Understanding Elo in First-Person Video Games: A Player's Perspective
Elo is a system used to calculate the relative skill levels of players in competitive games, including many First-Person Shooter (FPS) video games. Named after its creator, Arpad Elo, a Hungarian-American physics professor, the Elo rating system was originally developed for chess but has since been adopted by many other competitive games.
In the context of FPS games, the Elo system works by comparing the predicted outcome of a match with the actual outcome. It assigns each player an Elo score, which increases or decreases based on whether they win or lose matches. The amount of points gained or lost depends on the Elo score of the opponent – beating a higher-rated player results in more points gained than beating a lower-rated player, and vice versa for losing.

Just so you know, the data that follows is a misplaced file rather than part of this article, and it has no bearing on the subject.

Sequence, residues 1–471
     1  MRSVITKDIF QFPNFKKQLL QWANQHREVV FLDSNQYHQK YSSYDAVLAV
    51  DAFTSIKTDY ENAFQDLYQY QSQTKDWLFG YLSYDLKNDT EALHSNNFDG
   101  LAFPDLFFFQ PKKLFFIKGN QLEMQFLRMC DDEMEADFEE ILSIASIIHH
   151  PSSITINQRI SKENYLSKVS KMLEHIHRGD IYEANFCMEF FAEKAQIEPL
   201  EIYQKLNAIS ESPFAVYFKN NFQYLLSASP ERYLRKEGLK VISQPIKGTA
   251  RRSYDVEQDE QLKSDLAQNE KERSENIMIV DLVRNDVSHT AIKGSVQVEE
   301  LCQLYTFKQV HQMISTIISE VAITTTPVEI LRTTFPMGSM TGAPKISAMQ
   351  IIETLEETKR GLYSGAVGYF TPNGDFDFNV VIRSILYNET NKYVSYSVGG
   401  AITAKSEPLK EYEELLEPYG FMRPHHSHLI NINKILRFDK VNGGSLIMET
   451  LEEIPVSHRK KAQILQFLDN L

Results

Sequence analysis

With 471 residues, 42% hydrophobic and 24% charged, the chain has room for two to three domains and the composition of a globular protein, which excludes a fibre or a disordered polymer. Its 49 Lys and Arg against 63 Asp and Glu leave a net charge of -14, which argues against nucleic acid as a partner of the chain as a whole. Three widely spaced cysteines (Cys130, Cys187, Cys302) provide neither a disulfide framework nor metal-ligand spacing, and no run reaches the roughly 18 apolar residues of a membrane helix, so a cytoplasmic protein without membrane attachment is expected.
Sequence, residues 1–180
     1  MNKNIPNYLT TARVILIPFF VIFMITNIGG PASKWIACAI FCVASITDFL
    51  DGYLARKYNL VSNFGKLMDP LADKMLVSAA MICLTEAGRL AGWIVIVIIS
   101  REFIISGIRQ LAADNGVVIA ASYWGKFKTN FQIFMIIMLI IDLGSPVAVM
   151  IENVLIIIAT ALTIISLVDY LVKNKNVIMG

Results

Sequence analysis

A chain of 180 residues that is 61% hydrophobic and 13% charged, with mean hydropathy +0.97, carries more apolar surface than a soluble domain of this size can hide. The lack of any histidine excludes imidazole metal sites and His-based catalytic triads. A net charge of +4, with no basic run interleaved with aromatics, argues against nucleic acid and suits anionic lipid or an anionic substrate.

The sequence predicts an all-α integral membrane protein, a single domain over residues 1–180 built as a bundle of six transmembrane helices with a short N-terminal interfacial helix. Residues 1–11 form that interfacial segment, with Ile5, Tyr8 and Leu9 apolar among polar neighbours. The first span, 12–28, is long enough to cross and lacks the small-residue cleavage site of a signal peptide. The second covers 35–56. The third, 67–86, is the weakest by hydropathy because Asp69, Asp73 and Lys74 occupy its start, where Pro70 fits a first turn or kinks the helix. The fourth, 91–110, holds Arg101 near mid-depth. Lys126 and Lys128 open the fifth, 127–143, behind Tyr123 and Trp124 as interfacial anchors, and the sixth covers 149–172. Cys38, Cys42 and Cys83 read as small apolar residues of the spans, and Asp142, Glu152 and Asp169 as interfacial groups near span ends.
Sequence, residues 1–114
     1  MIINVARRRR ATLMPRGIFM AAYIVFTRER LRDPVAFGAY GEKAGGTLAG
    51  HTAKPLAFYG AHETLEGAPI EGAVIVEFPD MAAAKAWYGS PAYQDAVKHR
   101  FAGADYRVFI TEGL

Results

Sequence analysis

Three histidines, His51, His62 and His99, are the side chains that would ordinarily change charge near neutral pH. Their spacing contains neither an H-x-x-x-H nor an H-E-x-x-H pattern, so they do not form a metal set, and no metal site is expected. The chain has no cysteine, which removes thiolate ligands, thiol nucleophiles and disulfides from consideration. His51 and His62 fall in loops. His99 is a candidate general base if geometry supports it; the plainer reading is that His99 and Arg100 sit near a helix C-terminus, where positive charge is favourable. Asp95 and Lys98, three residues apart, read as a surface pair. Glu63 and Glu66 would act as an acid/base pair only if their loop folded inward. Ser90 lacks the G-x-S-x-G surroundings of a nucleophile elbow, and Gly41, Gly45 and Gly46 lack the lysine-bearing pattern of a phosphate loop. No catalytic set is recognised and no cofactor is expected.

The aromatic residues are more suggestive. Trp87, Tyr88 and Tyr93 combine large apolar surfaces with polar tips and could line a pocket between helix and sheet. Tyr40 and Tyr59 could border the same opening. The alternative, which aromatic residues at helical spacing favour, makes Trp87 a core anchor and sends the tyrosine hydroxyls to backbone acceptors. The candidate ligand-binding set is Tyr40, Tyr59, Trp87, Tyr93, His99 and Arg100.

The Elo system is designed to be self-correcting. If a player’s Elo score is too high, they will lose more matches and their score will decrease. If their score is too low, they will win more often and their score will increase. Over time, a player’s Elo score should accurately reflect their skill level.
In many FPS games, the Elo system is used to match players of similar skill levels together, ensuring fair and balanced gameplay. It’s also often used in ranking systems, where players can earn higher ranks by increasing their Elo score.